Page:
Project CeaseFire South Carolina
United States Attorney's Office
District of South Carolina
Talking With Children About Violence
- Find out about conflict management and mediation training for adults and children. Work with schools and parent organizations to teach these skills in all grades.
- Help develop recreational and educational programs for all young people in the community, so they will have better things to do than fight and can benefit from adult supervision and mentoring.
- Make sure your schools are safe places to learn. Many children feel safer after school than when they are on school property or traveling back and forth to school. Work with educators, local government law enforcement, and others in the community to solve problemsinvolving crime, drugs, harassment and bullying.
- Get youth, from grade-schoolers to teens, involved in helping the community. Some ideas include cleaning up a playground, starting a garden, tutoring younger children, escorting elderly residents to stores, and producing a newsletter. When young people have an important role in building up the community, they are far less likely to turn to violent actions that tear it down.
What Can Parents and Other Concerned Adults Do?
- Start early. Talk about effective ways to handle frustration, anger, and arguments during a child's youngest years and continue through the teen years. Stress respect for self and others, describe how you have settled arguments and other conflicts without violence, and teach children not to use words that hurt. These valuable skills can last a lifetime.
- For very young children, some physical acts such as hitting, kicking, and biting may be part of their development. But by age three, most can understand nonviolent ways to deal with anger and frustration, even if they're not perfect at using these skills.
When You Talk With Children and Teens About Violence
- Make clear that you do not approve of violence as a way to solve problems. Explain the difference between feeling angry and frustrated, and acting out these feelings violently.
- Ask about the child's ideas on violence. Listen carefully and encourage him or her to talk about worries, questions, and fears.
- Try not to lecture. Instead, take advantage of “teachable moments." For example, when there's a violent scene on TV, talk about what happened and how the people could have prevented it. When something violent and frightening happens at school or in the neighborhood, talk about what other choices besides violence might have been available.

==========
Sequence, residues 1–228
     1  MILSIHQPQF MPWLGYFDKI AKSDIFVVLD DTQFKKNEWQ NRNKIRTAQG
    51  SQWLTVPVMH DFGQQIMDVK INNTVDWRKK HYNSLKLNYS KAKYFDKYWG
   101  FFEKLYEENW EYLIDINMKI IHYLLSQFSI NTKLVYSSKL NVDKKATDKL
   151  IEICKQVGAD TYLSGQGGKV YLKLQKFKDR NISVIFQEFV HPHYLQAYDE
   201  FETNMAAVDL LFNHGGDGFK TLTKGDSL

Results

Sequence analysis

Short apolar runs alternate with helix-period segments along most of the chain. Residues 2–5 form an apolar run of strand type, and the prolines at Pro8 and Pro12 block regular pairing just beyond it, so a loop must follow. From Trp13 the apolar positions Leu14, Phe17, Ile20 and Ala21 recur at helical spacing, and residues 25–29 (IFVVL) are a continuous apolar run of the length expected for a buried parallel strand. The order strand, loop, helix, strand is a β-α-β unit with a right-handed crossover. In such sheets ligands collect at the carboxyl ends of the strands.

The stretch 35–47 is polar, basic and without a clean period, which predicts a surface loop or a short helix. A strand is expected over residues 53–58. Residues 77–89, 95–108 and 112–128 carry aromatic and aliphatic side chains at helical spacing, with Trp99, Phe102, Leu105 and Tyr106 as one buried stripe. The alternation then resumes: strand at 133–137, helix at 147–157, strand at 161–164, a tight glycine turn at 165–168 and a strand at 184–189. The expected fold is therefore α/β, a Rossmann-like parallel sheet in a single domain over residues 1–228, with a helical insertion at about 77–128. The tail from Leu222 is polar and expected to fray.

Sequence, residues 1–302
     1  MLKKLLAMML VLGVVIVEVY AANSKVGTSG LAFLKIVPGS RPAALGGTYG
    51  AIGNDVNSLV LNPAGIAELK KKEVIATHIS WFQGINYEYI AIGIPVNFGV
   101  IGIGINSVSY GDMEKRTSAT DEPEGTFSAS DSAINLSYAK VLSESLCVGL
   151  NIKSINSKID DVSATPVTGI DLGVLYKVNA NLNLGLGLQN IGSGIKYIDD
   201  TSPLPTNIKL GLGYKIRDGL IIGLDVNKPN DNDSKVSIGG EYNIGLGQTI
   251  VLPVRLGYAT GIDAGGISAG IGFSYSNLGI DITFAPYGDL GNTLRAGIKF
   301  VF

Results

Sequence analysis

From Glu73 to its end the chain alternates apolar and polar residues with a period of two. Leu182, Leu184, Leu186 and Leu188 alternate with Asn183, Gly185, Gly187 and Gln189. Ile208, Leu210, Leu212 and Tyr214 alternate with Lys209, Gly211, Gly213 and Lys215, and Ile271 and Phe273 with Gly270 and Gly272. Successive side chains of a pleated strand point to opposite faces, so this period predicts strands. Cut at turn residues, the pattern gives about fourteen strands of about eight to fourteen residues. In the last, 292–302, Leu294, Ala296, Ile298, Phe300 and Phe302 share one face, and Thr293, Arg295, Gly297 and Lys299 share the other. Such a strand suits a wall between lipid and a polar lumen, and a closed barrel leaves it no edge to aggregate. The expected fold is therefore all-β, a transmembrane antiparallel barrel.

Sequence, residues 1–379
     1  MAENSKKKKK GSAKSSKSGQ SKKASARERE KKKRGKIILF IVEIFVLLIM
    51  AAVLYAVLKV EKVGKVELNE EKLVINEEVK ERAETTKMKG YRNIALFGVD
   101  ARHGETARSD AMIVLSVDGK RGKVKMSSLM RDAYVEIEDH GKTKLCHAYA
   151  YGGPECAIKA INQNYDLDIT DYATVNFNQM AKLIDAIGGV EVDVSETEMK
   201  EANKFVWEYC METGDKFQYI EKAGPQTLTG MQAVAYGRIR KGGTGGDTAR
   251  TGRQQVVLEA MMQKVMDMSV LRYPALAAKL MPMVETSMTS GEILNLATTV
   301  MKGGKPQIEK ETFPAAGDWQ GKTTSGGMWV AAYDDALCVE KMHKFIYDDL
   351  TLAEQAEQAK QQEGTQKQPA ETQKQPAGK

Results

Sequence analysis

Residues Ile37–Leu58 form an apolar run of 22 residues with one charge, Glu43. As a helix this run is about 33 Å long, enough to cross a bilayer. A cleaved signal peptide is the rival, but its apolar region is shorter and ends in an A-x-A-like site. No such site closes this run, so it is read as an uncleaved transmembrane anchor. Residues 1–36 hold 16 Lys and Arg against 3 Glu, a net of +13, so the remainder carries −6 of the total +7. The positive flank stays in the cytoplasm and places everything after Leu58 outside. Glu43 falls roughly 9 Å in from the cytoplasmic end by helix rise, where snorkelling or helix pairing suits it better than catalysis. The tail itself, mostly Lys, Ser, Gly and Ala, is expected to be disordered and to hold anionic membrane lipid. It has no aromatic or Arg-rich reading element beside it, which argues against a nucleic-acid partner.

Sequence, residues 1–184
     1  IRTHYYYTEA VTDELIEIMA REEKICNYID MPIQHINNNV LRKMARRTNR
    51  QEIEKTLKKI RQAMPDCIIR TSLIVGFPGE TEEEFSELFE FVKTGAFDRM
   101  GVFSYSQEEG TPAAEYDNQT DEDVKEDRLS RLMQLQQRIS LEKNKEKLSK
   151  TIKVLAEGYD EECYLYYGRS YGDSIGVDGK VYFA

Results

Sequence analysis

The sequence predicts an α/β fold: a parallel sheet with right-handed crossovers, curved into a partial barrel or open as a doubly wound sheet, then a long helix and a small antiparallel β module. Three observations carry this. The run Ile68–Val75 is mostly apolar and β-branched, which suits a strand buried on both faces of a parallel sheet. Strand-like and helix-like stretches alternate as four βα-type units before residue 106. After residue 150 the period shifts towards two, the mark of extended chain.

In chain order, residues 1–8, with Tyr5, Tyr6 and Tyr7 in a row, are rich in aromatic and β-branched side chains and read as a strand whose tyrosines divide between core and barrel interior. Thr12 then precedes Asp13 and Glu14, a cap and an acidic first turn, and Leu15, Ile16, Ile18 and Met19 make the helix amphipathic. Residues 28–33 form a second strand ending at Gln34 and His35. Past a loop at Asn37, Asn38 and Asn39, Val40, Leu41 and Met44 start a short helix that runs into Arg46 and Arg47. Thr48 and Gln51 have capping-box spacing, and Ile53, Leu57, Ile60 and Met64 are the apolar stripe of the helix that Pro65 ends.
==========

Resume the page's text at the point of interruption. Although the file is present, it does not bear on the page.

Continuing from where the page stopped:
- Make sure other adults ---a grandparent, a cousin, a neighbor---in the child's life know and respect your teachings about violence. It confuses children when adults they trust send contradictory messages about the ways people should act.
- Know who your child's friends are and how they feel about violence. Always know where your children and their friends are.
- Set a good example. Don't let yourself resort to violence to settle conflicts or let off steam. Even in tense or very annoying situations, calm down, walk away, and talk it out.
Some Basic Tips to Teach Children
- Children need to learn to take care of themselves when they're at school, with friends, or just out and about. There are many ways young people can reduce their risk of being involved in violence.
Teach Them to do the Following
- Play, walk, bike, or skate with a friendrather than alone, and always let a Responsible adult know where they are.
- Never go anywhere with someone they, and you, don't know and trust.
- Never carry a knife, gun, or other weapon. It's a sure way to turn a simple argument into a fight where someone gets badly hurt or killed.
- Never use alcohol or drugs. The effects they have on people's minds often encourage violence.
- Stay away from kids who think fighting and other forms of violence are “cool" and from places where fights often break out.
- Become a conflict solver for brothers or sisters, friends, and classmates by getting training in mediation skills to help others work out problems without violence.
- Tell a police officer or other trusted adult if they see a violent crime, and talk about it to you or another caring adult.
Updated February 5, 2015